If necessity is the mother of invention, what’s failure the mother of? Improvement? Anyway, [prpplague]’s second version of his roll-up 70×30 RGB LED display looks a lot better and more reliable than the first, and that’s precisely due to “failing”.
Sometimes you design the hardware around the software, and sometimes vice-versa. It’s all about the balance of pain. [prpplague] initially wired the strips together in a consistently left-to-right raster arrangement to make the coding easier, but this means long wires on the backside of the fabric returning from the right side back to the start again at the left. These long wires snagged on stuff, and pulled the solder connections apart.
The fix? Alternate rows of left-to-right with right-to-left to minimize wiring and make nice, robust connectors for the ends, and a much more elegant implementation at the expense of more complicated software to drive the device. (Alternating rows have to be flipped horizontally, so this means custom driver routines.)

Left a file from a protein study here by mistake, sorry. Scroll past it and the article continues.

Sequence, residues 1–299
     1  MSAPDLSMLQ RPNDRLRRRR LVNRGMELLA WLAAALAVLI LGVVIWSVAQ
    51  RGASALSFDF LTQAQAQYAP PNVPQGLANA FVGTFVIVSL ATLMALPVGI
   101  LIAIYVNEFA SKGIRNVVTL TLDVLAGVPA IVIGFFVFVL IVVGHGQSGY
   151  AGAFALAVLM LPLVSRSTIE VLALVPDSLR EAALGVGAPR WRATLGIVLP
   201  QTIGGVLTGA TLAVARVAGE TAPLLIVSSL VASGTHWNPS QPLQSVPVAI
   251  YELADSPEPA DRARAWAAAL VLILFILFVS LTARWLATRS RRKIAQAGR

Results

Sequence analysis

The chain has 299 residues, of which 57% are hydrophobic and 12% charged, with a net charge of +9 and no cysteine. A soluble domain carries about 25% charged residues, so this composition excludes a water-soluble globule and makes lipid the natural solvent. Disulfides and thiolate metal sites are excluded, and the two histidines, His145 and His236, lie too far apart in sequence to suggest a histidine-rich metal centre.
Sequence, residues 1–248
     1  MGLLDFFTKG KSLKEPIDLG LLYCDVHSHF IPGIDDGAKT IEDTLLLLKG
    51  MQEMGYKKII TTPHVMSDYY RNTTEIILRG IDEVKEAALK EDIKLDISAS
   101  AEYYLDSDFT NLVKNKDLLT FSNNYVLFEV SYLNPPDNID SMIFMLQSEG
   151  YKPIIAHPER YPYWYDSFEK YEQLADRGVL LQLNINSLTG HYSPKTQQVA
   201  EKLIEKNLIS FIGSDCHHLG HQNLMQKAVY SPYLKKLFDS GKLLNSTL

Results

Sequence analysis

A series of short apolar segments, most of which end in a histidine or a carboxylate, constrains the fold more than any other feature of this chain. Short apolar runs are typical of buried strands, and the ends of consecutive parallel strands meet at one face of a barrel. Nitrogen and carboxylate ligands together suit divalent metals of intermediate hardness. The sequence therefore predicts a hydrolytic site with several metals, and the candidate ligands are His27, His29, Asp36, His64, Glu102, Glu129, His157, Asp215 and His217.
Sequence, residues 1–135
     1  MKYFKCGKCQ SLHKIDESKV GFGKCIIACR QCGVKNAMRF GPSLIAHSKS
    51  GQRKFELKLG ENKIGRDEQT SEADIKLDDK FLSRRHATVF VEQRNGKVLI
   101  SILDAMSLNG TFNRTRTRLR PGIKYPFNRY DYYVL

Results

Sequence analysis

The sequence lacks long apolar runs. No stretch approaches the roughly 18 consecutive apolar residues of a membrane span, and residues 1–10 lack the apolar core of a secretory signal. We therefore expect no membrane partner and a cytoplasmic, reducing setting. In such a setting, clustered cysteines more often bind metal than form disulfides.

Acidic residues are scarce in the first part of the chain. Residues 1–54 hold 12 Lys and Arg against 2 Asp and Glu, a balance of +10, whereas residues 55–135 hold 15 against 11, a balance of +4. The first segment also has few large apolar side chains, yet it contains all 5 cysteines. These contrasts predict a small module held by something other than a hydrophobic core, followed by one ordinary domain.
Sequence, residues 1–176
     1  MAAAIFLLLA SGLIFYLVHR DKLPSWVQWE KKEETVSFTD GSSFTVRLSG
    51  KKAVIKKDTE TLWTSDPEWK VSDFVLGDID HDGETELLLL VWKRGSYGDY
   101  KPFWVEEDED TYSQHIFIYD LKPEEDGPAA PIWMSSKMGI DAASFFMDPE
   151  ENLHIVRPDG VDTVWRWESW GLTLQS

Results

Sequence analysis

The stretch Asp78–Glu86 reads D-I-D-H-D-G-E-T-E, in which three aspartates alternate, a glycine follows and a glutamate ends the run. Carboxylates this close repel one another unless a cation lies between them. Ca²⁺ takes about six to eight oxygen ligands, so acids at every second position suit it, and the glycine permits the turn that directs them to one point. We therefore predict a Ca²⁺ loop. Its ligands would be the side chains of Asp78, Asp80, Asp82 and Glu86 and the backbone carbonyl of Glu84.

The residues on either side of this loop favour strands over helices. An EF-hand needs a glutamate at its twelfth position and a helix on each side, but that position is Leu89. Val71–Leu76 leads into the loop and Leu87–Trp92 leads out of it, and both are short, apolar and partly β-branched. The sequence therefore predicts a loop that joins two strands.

The second gremlin was that the interfacing board that [prpplague] was using didn’t have enough current sourcing capability on the SPI lines, and he discovered that he couldn’t communicate reliably with the strings if the first pixel was more than 24″ of wire away from the board. Once the signal got to the first pixel, though, everything was fine. [prpplague] figured out that the RGB LEDs themselves had more drive capability than the SPI source.
The solution? Add a single pixel at the front of the chain to buffer the SPI lines and serve as a bonus status indicator. Cute.
We’d hardly call these “fails”, but rather “learning experiences”. Anyway, here’s two design “mistakes” that we won’t make when making a roll-up flexible pixel display. Thanks [prpplague].